A winning career plan for future success through effective written career planning.
“Committing your goals to paper increases the likelihood of your achieving them by 1000%.” Brian Tracy
Jack had worked at Wal-Mart for over four years and was in his early 20’s. In the past year he was promoted to department manger in his local store. His education ended at high school although he had gone to a junior college for one semester.
He had visions of someday being a store manager but had no idea how to advance his career to that level. What did he have to do to get his career on track to the store manager level? Working hard? A lot of very capable people work hard every day but never seem to get anywhere. No, the real effective focus lies elsewhere.
If you want to promote your career to two or three levels above your current position lets follow Jack as he builds a workable and efficient career plan. We already know he enjoys the job and the interaction between the employees and customers. He’s not afraid to work hard and he works smart because that’s the reason he got promoted to department manager.
First, as Brian Tracy stated, the goals have to be put on paper. Jack’s goal is to be a store manager but there is an intervening step, that of assistant store manager. So let’s work with Jack at putting his career plan together. Here’s Jack’s career plan:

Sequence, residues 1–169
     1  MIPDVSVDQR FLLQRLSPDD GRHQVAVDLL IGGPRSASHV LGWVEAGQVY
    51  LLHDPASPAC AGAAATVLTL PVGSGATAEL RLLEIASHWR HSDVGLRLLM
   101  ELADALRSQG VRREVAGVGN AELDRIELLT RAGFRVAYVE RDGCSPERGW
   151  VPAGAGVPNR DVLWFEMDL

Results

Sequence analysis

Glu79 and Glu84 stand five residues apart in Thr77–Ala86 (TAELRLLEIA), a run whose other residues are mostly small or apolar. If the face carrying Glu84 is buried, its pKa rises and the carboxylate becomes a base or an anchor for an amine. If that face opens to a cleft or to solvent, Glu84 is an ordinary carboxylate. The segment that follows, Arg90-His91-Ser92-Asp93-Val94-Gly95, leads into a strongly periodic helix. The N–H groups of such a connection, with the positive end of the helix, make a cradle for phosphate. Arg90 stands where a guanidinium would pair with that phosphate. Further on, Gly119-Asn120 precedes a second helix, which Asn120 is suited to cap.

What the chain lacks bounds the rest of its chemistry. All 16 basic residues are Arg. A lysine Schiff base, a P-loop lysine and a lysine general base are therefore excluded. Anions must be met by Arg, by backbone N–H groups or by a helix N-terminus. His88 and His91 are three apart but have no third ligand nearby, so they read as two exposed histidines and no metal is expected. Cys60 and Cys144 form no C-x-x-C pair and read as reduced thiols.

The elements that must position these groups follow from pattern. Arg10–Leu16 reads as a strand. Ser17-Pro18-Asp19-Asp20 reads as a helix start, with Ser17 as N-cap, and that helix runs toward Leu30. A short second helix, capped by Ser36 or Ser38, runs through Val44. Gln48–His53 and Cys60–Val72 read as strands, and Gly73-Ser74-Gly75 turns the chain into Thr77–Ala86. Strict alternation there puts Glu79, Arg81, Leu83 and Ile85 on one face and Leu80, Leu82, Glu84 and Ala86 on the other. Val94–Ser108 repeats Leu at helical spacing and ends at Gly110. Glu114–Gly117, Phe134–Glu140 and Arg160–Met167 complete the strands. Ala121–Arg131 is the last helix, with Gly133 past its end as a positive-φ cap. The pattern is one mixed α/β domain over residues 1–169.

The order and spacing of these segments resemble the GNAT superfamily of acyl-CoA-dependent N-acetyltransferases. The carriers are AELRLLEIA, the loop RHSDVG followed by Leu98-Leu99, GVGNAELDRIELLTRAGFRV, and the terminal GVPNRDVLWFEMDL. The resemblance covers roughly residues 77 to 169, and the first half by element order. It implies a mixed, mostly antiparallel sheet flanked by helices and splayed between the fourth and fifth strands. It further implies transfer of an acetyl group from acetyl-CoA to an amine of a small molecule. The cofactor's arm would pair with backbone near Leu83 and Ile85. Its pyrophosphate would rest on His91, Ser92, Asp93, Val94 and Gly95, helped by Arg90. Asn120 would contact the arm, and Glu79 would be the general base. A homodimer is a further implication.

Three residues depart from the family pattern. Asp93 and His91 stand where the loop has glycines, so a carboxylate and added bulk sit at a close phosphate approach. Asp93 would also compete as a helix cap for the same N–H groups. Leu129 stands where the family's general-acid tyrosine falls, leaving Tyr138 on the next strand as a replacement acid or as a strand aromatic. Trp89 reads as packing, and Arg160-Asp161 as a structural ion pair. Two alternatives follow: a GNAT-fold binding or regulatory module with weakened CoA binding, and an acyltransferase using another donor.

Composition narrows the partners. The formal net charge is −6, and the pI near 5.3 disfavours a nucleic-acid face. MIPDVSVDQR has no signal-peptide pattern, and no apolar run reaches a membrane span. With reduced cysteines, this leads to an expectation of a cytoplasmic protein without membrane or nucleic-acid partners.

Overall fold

1. In the next 30 days have a meeting with the store manager to determine what qualifications are needed to get promoted to assistant store manager?
2. Complete the department manger computer training modules within the next 60 days.
3. Read two books a month on motivation, retail finance and other areas of effective supervision and management.
4. Spend time every day becoming familiar with the sales and other data important to managing his department and the entire store.
5. In the next 45 days get to know at least four personal things about each employee that works for him and each store department manager.
Depending upon the outcome of number one above Jack will have to add whatever the store manager advises him to complete. If he finds he needs to complete certain activities in a set period of time to qualify to be an assistant manger that will be added to his career plan. He will then write them out and take number one off the list. As a matter of course he should plan on talking with his assistant manger and store manager about the progress of his career plan at least every month or two and bring them up to date on his progress.
At least every three months or maybe more often Jack will have a meeting with himself. He will gage his progress and make adjustment to his career plan as required. On thing he learned when he writes out his career goals is to put the goals on index cards and have one on the visor of his car, another in his check book and another in his pocket. He plans on reading his career goals at least five times each day.
With this career plan Jack is well on his way to moving to the next level at Wal-Mart. Further, he is building the foundation to qualify himself for a store manager’s position. Developing your personal career plan is not difficult if you quantify each step, don’t get too far in the future, and write out your career goals, step by step.